It SIMMs We’ve Met Before [optional plug-in memory]

Dave probably thought he was banishing me to the third level of hell, but I thrived on that job. For someone who had only recently gotten into technology, it was like getting a master’s degree in every single component that not only went into a computer, but into a computer network. I wrote about stuff that most people never had a chance to delve into.

But our relationship was more than professional. Dave, as a recovering alcoholic, helped me in numerous ways as I was dealing with my own co-dependent recovery. I had a deep fear of speaking in public, and was horrified one day when he asked me to represent the publication on a conference panel. “What if they ask me a question I can’t answer?” I gasped. “Like what?” he said, in that calm, annoying Socratic voice of his. “I don’t know!” I fairly shrieked. “Well,” he replied, “there’s your answer.”

Ours was not a perfect relationship. When the executive editor resigned, I naturally and arrogantly assumed that I would be the logical person to take over the position. Neither Dave nor the publisher agreed with that assessment, and they hired someone with a background in newspaper publishing. When the newspaper guy left for a tech publishing start-up, I was once again passed over for the job – except the newspaper guy soon called me and asked if I wanted to bring all that product expertise I’d gained to his new publication.

In his desire to avoid vendors, Dave had inadvertently given me the foundation for an amazing career in technology publishing. At any subsequent job interview, when someone asked if I’d written about a particular product, I could say, hell, yes. I owe Dave Flack all that.

And so Dave and I remained friends. He and his wife even eventually joined my church, and we enjoyed a new phase of interaction. Last year we toasted their 50th wedding anniversary. By then, we had known each other almost thirty years.

But the problem with being this age is that sometimes the happily-ever-afters go awry. Dave died today after a bout with pneumonia. I sit here enjoying a fantastic retirement, its roots nurtured by far more people than just that ambitious, arrogant products editor of so many years ago. I sit here basking in the afternoon sunshine, in great part because Dave Flack needed someone to talk to vendors. And I was lucky enough for me to be that someone, and for me to be his friend forever after.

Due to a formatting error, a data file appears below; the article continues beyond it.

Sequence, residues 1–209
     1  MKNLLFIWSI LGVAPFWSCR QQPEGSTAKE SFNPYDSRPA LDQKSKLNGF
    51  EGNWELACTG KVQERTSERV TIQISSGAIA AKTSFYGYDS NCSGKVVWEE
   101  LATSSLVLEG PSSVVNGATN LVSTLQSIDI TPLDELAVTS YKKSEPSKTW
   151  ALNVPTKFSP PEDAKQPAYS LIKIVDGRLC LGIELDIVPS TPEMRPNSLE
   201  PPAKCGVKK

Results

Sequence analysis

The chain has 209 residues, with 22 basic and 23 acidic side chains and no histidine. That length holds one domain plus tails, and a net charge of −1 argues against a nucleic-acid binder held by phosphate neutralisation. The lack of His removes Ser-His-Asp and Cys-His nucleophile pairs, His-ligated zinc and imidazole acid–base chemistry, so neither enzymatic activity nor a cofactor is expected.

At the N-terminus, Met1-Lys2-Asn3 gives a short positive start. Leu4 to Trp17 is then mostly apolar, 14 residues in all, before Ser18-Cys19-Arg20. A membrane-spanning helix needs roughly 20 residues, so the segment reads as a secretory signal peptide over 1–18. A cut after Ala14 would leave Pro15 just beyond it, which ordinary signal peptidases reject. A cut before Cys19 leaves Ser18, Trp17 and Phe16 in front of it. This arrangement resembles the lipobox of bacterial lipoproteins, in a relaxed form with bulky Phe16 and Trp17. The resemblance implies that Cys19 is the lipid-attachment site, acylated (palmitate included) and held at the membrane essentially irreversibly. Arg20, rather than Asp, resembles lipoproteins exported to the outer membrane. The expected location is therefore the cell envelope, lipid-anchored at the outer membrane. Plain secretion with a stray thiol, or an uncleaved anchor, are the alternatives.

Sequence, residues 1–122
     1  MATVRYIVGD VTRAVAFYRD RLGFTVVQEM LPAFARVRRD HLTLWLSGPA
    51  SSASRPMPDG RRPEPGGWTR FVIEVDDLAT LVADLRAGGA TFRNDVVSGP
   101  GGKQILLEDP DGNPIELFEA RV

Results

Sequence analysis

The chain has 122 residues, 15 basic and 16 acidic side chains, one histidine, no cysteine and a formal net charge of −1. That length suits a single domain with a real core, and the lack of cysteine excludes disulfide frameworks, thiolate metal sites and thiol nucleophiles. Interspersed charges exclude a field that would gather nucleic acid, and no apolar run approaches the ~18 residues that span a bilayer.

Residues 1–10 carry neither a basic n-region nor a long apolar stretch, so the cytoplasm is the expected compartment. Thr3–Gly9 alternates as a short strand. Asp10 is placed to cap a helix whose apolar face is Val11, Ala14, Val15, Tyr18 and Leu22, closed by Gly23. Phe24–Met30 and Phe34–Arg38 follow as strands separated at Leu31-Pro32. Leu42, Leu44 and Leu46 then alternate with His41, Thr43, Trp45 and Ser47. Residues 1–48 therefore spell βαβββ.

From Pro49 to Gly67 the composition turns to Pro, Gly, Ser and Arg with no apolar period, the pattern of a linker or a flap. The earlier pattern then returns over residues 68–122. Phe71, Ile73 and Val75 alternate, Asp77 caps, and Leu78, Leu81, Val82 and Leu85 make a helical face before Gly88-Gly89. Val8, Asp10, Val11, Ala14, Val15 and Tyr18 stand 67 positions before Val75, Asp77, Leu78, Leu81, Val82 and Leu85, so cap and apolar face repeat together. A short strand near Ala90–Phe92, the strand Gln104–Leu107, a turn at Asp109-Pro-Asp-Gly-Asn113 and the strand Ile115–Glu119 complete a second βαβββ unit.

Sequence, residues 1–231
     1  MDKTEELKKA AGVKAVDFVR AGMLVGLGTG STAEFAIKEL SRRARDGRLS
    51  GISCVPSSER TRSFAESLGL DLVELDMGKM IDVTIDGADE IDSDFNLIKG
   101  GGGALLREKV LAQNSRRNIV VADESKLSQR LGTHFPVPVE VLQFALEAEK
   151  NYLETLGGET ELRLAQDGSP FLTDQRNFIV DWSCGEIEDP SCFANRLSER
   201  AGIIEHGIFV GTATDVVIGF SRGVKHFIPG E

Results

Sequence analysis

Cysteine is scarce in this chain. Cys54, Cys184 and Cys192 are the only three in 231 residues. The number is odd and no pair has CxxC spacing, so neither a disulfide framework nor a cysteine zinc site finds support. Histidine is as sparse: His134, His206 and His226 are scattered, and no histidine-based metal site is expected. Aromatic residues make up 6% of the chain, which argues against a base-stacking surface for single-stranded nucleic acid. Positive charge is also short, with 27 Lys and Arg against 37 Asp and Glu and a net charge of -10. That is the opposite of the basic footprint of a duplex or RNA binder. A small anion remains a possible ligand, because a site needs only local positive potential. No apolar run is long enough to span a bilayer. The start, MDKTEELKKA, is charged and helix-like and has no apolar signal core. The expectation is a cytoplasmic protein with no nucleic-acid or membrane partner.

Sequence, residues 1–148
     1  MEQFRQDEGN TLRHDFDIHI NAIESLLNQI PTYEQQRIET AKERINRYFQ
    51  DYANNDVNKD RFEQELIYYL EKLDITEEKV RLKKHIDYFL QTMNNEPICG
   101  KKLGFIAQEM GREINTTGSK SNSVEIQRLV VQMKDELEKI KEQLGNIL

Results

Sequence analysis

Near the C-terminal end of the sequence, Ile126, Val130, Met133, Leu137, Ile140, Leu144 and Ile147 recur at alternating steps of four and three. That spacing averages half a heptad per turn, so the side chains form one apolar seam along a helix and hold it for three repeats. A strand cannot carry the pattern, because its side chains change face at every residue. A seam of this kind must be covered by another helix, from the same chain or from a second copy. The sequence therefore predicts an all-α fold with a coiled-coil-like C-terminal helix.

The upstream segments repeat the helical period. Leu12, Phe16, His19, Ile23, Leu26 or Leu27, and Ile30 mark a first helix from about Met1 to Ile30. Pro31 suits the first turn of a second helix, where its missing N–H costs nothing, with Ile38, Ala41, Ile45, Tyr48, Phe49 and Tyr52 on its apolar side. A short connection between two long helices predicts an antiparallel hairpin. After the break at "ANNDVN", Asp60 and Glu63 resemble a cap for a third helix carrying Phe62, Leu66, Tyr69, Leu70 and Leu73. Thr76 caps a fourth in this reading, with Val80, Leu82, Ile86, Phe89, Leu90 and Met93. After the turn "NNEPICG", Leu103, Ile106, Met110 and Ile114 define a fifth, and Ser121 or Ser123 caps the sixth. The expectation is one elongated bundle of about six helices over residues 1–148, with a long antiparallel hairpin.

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The Strangest Place I’ve Ever Been

Sometimes I write about travel. Sometimes I write about politics. Sometimes I have the unique opportunity to combine the two.

Last month we took a National Geographic tour of Cuba. We wanted to get there before Havana turned into Miami. Somehow, that seems unlikely. Cuba is a very strange place unto itself, and highly resistant to change.

The closest metaphor I can offer for Cuba is one that Kurt Vonnegut created in Slaughterhouse Five: the precept of being “unstuck in time.” Vonnegut’s hero, Billy Pilgrim, if you remember, finds himself sliding between World War II, present day, and a future in space. That’s Cuba, and more.

Like most places in the western hemisphere, Cuba has a territorial history. Spanish explorers came in, decimated the indigenous peoples, and colonized away. Sit down in the central square of the city of Trinidad, close your ears to the car motors, and you could imagine being back in the 19th century.

Or sit down in Parque Central in Havana and open your eyes and ears to a different century. Swirling around you on the streets are the vaunted output of 1950s Detroit in a rainbow of original and not-so-original colors. IMG_1255As Jimmy Buffett sang, “you’ve got fins to the left and fins to the right.” It was like the streets of my childhood.

Except that interspersed between those American behemoths are a remarkable number of AvtoVAZ-built Ladas from Russia, representing the halcyon days in the 1980s wheIMG_1039n the Soviet Union was Cuba’s primary trading partner and responsible for bolstering its economy. And then there are the Transtur buses everywhere. These are the state-owned buses that transport the new influx of tourists everywhere. That’s the 21st century sliding by. They all combine to create some sort of weird time-travel confusion like the scene in Ghostbusters where the Titanic disgorges its passengers.

There are other reasons why Cuba struck me as strange. For one thing, the people are very happy there. Even the ones who have the ability to occasionally jump the straits and shop in the Florida hardware stores dutifully come back. They love their free health care and education. They ignore the fact that their infrastructure is crumbling around them; you walk past buildings in downtown Havana, look up, and see there are no roofs there. IMG_0962They are not willing to forego the advantages of their socialist system for the disadvantages.